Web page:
I first learned about tontine contracts as a child reading from Agatha Christie mysteries, like 4.50 From Paddington and The Pale Horse.
A "tontine" is a financial contract where a certain sum of money is set aside and invested for the benefit of a group of people--but if some of those people die, their share of the funds pass to the survivors. If the group is relatively small and the members of group are known to alll, it's an excellent set-up for a murder mystery.
But a tontine-style contract might also has some genuine practical advantages in retirement planning. J. Mark Iwry, Claire Haldeman, William G. Gale, and David C. John tell the story in "Retirement Tontines: Using a Classical Finance Mechanism as an Alternative Source of Retirement Income" (Brookings Institution, October 2020).
For those, like me, who tend to associate tontines with fictional plot-lines, it's perhaps useful to point out that for several centuries they were useful financial products--not for small groups who would then try to murder each other, but for larger groups who did not know each other. Here's a working definition of a tontine: "[T]ontine is an investment scheme in which so called shareholders create a common investment pool and derive some form of profit or benefit (usually financial) while they are alive. After the death of the shareholder his/her share gets split between the surviving shareholders in the pool and is not subject to inheritance rights. Tontine investment comes to an end when the number of surviving shareholders in the pool reaches a previously agreed on, small number."
The idea of a tontine contract goes back to a 1653 proposal from Lorenzo de Tonti, a 17th century Italian financier, who was advising the French government on how to borrow money. His notion was for the government to sell shares in a fund. The fund was to be divided by age groups, with each age group receiving a different rate of interest. As people in a certain age group died, their payments would be reallocated to the surviving members of that age group. However, the first government to enact something like Tonti's proposal was Holland in 1670, and France did not try a tontine contract until 1689, five years after Tonti's death.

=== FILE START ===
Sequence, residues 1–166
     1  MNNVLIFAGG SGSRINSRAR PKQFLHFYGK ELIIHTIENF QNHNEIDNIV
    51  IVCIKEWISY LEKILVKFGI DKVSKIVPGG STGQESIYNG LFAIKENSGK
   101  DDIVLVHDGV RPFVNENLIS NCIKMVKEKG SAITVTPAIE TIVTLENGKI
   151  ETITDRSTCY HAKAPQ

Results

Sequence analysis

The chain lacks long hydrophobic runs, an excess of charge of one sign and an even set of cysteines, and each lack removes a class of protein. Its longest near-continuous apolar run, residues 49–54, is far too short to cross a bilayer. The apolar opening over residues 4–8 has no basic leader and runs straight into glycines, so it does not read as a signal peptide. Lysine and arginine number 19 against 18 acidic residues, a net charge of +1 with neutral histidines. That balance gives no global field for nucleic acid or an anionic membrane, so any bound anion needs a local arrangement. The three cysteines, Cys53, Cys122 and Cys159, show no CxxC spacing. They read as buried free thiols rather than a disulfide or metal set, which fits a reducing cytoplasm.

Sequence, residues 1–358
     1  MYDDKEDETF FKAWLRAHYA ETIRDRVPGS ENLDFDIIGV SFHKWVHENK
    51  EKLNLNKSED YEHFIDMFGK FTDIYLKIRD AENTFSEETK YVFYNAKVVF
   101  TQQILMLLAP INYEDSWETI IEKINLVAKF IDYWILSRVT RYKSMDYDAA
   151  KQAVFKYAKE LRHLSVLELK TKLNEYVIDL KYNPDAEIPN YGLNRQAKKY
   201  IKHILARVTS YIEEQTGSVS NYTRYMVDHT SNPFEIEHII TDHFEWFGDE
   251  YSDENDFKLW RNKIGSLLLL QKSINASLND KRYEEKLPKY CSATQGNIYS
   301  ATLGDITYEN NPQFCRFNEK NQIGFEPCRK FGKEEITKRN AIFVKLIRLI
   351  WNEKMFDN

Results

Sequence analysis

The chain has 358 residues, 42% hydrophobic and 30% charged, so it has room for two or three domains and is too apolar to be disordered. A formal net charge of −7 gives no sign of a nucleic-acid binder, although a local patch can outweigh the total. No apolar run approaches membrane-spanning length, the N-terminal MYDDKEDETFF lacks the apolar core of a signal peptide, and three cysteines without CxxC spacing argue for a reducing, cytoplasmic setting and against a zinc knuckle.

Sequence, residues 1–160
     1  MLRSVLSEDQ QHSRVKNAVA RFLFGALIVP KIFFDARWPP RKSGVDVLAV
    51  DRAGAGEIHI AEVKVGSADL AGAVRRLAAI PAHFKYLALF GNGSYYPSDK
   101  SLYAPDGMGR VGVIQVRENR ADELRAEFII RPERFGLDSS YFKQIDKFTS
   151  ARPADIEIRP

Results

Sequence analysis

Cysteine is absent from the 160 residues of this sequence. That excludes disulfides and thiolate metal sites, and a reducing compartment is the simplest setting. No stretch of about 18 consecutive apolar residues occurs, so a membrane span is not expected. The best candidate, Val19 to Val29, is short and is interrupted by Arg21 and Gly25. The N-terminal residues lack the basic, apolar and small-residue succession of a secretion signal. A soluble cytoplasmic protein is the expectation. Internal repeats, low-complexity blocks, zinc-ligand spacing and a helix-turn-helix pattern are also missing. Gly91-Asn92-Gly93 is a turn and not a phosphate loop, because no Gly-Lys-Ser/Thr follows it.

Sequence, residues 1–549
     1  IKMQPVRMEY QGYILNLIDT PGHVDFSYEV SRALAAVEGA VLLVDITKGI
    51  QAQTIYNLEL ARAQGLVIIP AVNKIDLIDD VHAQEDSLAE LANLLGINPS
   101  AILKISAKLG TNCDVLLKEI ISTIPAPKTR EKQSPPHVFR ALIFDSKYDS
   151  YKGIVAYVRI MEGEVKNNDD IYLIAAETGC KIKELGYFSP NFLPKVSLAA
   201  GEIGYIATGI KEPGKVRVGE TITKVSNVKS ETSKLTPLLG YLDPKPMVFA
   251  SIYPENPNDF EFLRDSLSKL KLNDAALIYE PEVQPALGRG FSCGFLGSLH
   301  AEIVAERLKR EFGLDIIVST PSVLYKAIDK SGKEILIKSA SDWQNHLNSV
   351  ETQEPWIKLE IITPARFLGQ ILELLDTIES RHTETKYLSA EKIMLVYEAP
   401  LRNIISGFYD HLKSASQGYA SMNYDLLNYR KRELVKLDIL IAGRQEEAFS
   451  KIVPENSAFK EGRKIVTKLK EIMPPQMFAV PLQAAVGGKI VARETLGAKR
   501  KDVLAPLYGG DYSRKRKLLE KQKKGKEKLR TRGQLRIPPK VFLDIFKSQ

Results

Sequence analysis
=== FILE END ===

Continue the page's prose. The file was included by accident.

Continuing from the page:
Versions of tontine-based contracts were widely used for centuries, and were a basis for US life insurance markets in the late 1800s. As Iwry, Haldeman, Gale, and John point out (footnotes omitted):
Capital investment tontines were popular revenue-raising schemes in Europe from the 17th to the 19th century, helping governments and monarchies raise money for public works and wars. They even made inroads into the United States, as Alexander Hamilton proposed a capital investment tontine to pay off Revolutionary War debt. Although the federal government declined to pursue this option, many communities in the Colonial Era used tontines to finance local investments, and a capital investment tontine financed the construction of the original home of the New York Stock Exchange in the Tontine Coffeehouse. Tontines enabled governments to pay lower interest rates than they had to offer on other types of investment because surviving investors received not only the promised interest rate but also mortality credits, in exchange for giving up the right to pass their investment interest on to their heirs.